Golf and the Information Age
By Art McCafferty
San Jose,CA June 22-People from over 100 countries attended the 9th Annual Internet Society Conference in San Jose, California, the heart of Silicon Valley Speakers included Dr. Irving Wiadawsky-Berger, General Manager, Internet Division, IBM, Vint Cerf, Vice President of MCIWorldCom and the "Father of the Internet", Meg Whitman, CEO of eBay, Eric Benhamou, Chairman & CEO of the Board/CEO, 3Com and Debra Chrapaty, President and COO of E*Trade Technologies, E*Trade. . One of the better attended tracks during the conference was on E-Commerce and E-Business This emerging field, literally invented by Americans, has caught the imagination of the world.
At GLSP, we can't say that we are surprised. On March 10, 1995 the Michigan Golfer became the first golf publication in the world to be on the Internet. And by the way, this year from July of 1998 through August of 1999, the Michigan Golfer will have had over one million hits and 100,000 user sessions will have been recorded.
We had a feeling that we were on to something, but like so many businesses, we did not realize the extraordinary changes that were yet too come. As Meg Whitman, from eBay said, "It is the biggest change in the world since the Industrial Revolution." (You might want to visit www.ebay.com and take a look at the golf auctions, pretty interesting stuff)
Fortunately, the State of Michigan has not been asleep at the tee. Engler, and his administrative team, after a slow start, has come on strong. They launched an online golf site four years ago, one of the first in the country. They've also invited in AT, IBM and other techno savvy companies to address participants at past Governor's Conferences on Tourism. Kudos in this area, need to go to Jeff Mason, Melinda Remmer and Don Wyckoff for their heads up play.
As an aside, the State is using the same tourism model used in the golf industry to market Michigan's Information Technology movement. Engler has brought together a number of Michigan Industry Roundtables to discuss both the problems and opportunities of the Information Technology area. Last October, they sponsored the first Internet Summit; a second is scheduled for this coming March.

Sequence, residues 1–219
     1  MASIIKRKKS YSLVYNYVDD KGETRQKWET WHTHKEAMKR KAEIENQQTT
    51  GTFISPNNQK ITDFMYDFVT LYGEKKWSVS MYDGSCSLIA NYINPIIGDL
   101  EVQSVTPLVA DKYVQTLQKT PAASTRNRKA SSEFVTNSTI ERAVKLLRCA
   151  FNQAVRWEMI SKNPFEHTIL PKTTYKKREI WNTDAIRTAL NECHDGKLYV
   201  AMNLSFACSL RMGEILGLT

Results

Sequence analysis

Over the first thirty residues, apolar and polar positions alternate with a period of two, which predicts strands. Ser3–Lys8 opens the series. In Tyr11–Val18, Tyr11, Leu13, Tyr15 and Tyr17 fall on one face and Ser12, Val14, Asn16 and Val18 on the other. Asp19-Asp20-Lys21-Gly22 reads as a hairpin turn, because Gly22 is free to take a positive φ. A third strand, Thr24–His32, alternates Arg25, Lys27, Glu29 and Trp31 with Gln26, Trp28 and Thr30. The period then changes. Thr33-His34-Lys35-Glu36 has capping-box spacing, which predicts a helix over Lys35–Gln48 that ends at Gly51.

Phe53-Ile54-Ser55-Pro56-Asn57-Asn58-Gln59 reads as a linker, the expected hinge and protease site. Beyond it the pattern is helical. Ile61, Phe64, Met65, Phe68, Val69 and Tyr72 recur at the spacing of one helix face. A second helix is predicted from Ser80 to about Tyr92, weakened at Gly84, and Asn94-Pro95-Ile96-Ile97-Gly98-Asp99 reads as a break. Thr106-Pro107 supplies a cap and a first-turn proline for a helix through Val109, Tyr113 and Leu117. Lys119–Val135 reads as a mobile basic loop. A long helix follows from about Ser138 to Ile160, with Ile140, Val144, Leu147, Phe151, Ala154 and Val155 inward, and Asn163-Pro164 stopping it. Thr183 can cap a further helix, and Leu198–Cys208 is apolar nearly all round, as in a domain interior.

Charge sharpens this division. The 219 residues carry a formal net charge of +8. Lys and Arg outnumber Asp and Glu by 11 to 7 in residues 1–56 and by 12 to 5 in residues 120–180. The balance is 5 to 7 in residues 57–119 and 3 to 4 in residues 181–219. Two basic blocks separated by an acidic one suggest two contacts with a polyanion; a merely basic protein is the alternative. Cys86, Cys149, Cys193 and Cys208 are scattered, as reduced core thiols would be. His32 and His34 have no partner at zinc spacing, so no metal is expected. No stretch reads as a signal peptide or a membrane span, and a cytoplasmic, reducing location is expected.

Certainly, the rise of Information Technology has had a tremendous impact on the golf consumer. And, just as importantly, it has had similar impact on golf management. This past May, members of the Michigan Golf Course Owners Association gathered at The Natural in Gaylord, with their main agenda item being Information Technology and Golf.
Richard Funk, the GM at Fenton Farms mirrored the mood of the group, by conceding that he was now convinced that this was a direction in which their organization would move. He is one of many, who have watched the early development of the Internet and are now convinced that they need to get involved to keep their competitive edge.
Early adopters in the golf industry have included, Larry Bowden of The Natural, the management at Treetops and Crystal Mountain, Steve Kircher and crew at Boyne USA, Jack Mathias of Thunder Bay Resort, Audrey Disapato of Sparrow Hawk to name but a few.
Keith Gornick of the Otsego Club, was an early adopter, but got very serious about their web site this year and had Knorr Marketing do a total revamp. According to Jim McIntyre of Knorr, "the power of the Internet is dramatically changing the ways companies conduct their business."
Web sites that use to be put up for hundreds of dollars and generally represented online brochures in their design, now cost thousands of dollars and are highly interactive with their customers. With the advent of A/V/V (audio, voice and video) on the sites, web page prices will continue to rise.
As you take a look at our online directory, you will note that not only courses have gone on line, but, lodging, golf architects, golf destinations, equipment and now golf tee times have joined in. The question to a golf business is not are you going on line, but when are you going online.
When Neilson came out with their Internet ratings www.neilson-netratings.com, it moved this new medium into the big leagues with marketers. As cited in a New York Times article of March 22, "Nielsen Media Research and NetRatings, Inc., launched their new Internet measurement service - Nielsen//NetRatings - and began providing customers with the most comprehensive and reliable web site and advertising measurements available." The Neilson move validated the seriousness of the online advertising market, and put it in the same league as radio, television and print in its effectiveness and attractiveness to advertisers and marketers.
The June 21, issue of the Wall Street Journal indicated that the average number of
messages received a day by an office worker was 201. Of that, number, email sent and received rose to 36 in 1999, up from nine a year earlier. They also mentioned the following statistics on sales and marketing executives who use information technology in their jobs:
78% gather information on their competition
73% send or receive email
63% read business news
50% conduct customer research
28% arrange business travel
Truly "Times, they are a changing."
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